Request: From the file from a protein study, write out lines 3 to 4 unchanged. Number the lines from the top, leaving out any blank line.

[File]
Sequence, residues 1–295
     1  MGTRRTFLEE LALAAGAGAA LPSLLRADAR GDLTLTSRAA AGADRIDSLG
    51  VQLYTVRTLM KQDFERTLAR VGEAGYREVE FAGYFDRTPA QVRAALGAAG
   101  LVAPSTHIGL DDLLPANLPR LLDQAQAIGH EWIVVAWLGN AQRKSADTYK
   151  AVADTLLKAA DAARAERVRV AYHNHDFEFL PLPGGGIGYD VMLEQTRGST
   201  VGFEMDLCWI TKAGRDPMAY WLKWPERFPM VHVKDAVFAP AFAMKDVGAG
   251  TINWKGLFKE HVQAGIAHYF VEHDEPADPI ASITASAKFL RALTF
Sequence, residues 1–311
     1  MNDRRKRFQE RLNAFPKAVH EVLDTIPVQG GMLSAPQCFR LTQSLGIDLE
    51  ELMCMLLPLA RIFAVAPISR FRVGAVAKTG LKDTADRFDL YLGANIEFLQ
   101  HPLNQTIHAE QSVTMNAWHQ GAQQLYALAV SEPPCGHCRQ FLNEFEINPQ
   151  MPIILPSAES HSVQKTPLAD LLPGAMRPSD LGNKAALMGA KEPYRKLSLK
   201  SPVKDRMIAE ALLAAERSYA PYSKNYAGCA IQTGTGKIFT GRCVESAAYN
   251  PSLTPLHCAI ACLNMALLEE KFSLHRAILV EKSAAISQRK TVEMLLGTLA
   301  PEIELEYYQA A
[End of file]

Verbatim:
    51  VQLYTVRTLM KQDFERTLAR VGEAGYREVE FAGYFDRTPA QVRAALGAAG
   101  LVAPSTHIGL DDLLPANLPR LLDQAQAIGH EWIVVAWLGN AQRKSADTYK